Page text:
Discuss holiday tasks and responsibilities that must be attended to —for example, preparing the meals, doing the shopping, decorating the house. Consider whether they should be continued, reassigned, shared, or eliminated.
Break down your goals into small, manageable pieces that you can accomplish one at a time. Don’t overwhelm or over-commit yourself. The holidays are stressful times for everyone, not just the bereaved, so you will need to take it slow and easy. Look at your plans and ask what they indicate. Are you doing what you want or are you placating others? Are you isolating yourself from support or are you tapping into your resources? Are you doing things that are meaningful or are you just doing things?
Do something for someone else. Although you may feel deprived because of the loss of your loved one, reaching out to another can bring you some measure of fulfillment. For example, give a donation in your loved one’s name. Invite a guest to share your festivities. Give food to a needy family for Thanksgiving dinner.
— Karen : An 11-year-old —
Re-Printed from - Albuquerque Journal - By Joline Gutierrez-Kruger : Fri, Aug 23, 2013 :
Jennifer Hodge needs to tell you about her daughter, her quiet, sweet, beautiful, girl —the way she smiled, the way she did cartwheels across the living room floor, the way she seemed so much wiser, so much older, than her 11 years.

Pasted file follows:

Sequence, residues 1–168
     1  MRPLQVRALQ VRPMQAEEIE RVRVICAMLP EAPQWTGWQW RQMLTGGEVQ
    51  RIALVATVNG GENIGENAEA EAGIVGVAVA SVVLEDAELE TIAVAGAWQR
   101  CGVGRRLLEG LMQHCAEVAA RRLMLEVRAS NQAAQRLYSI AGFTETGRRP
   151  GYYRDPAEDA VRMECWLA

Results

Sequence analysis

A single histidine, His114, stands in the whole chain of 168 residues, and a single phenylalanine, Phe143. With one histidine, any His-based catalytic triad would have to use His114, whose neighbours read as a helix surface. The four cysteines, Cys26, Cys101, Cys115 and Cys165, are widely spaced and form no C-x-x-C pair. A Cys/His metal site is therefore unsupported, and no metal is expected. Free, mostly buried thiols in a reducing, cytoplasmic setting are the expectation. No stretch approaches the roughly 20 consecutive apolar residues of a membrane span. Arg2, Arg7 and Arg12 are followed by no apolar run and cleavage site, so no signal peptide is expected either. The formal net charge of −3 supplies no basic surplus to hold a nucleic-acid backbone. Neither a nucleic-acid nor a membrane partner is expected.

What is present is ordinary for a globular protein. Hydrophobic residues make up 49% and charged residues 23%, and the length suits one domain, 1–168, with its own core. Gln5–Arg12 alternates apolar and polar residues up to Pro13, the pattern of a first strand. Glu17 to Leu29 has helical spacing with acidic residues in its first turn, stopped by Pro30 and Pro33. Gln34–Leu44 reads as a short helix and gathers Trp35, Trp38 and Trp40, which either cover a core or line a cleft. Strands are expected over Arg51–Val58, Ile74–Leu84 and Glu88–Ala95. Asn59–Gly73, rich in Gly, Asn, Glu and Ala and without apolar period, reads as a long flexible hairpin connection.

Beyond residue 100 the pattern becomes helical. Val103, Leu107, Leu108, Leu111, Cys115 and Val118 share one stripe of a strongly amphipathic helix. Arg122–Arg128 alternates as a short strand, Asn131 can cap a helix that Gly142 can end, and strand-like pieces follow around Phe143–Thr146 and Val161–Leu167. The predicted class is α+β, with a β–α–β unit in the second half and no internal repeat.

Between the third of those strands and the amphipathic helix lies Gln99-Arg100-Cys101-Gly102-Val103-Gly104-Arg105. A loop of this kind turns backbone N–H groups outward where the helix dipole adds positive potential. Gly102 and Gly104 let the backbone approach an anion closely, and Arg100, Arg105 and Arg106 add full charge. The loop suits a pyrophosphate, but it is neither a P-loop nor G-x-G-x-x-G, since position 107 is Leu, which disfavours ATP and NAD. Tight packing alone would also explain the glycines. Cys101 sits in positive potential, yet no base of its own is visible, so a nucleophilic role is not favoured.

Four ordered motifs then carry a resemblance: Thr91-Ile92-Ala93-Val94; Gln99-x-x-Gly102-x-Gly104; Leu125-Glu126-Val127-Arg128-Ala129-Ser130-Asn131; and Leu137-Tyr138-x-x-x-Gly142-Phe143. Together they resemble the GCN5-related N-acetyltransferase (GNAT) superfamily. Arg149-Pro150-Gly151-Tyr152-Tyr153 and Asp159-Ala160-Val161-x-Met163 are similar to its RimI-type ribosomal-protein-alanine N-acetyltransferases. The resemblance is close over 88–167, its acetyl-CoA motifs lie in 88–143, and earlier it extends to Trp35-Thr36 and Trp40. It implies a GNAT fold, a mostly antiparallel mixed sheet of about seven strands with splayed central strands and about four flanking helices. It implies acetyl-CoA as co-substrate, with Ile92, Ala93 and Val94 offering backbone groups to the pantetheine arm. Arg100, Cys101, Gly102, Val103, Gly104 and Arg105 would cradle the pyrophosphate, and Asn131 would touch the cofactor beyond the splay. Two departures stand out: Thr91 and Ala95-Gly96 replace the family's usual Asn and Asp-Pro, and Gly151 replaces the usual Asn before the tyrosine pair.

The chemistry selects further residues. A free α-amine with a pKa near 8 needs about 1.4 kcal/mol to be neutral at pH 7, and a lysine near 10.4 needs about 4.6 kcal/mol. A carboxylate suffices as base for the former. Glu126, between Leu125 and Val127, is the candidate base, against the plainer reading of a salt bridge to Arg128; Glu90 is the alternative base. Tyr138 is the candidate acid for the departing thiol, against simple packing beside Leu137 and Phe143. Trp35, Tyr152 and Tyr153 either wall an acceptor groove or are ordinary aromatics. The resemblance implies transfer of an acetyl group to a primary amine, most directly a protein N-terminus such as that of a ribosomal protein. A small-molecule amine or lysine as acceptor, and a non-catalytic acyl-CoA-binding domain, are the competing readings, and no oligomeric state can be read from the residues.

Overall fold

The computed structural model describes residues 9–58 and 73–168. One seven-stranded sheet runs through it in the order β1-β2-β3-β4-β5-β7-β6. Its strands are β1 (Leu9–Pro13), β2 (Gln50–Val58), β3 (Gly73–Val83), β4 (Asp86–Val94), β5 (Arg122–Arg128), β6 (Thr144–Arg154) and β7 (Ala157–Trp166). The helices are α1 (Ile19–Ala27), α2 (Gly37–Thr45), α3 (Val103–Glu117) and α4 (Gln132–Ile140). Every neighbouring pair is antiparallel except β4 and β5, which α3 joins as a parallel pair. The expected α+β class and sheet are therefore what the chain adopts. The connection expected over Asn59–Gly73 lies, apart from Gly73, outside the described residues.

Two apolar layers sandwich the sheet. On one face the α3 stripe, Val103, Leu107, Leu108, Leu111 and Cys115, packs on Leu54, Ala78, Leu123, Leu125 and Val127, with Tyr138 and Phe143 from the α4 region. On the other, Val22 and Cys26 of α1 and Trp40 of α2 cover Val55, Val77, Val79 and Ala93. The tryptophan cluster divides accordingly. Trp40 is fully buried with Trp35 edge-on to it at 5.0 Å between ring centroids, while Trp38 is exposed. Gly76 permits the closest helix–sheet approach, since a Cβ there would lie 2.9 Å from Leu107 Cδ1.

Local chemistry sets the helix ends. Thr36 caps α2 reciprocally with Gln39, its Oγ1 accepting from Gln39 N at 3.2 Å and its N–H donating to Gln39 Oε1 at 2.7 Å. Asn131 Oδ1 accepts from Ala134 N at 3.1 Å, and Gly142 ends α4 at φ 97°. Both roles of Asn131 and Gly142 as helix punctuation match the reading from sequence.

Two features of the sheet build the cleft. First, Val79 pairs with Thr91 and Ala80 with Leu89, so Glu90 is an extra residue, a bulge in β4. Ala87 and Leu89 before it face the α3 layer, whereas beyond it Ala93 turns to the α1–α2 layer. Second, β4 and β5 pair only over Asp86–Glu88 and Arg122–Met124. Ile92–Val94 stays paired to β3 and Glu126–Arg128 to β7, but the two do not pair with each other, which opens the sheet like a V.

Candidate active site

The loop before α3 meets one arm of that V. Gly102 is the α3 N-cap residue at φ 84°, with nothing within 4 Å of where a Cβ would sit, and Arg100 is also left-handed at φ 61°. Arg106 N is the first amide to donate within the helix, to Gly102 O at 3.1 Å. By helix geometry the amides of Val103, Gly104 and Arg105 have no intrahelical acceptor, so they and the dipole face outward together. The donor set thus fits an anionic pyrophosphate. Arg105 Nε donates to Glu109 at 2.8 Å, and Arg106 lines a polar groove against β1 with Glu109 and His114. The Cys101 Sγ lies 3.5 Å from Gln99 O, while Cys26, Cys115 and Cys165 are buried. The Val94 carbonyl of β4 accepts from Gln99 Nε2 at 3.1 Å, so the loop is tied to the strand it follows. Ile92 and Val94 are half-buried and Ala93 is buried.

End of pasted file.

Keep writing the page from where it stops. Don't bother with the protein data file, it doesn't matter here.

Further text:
The way she died. The way she waited for the family to go shopping at Wal-Mart, scratched out a note in pencil on loose-leaf paper, wrapped an orange extension cord around her neck in the garage of her family’s home in Albuquerque and jumped.
She left the note on the garage floor next to a card she made for her mom. “I am sorry,” she wrote. “I love you and all of my family but I do not like this world. I’m sorry. Happy Mother’s Day.”
And, yes, it was Mother’s Day, though Hodge doesn’t think her daughter Karen Ward chose that day in particular. It was, she thinks, the first time Karen had the chance.
“How many times did she say, ‘I’m going to do this’ and something stopped her at the last minute?” Hodge wonders.
“This time, there was nothing to stop her.”
No one to stop her.
But how do you stop something so unthinkable when you don’t know it’s there? How do you fight the monster when it doesn’t show itself? How do you imagine a world so dark and hopeless that an 11-year-old takes herself out of it?
“I didn’t see that she was having problems,” Hodge said. “I didn’t see she was falling apart.”
Hodge’s longtime boyfriend, Randy Caudell, a kindergarten teacher, psychology student and a father figure to Karen, didn’t see it, either. “This is my line of study,” he said. “And no, nothing. The signs weren’t there, except maybe in hindsight.”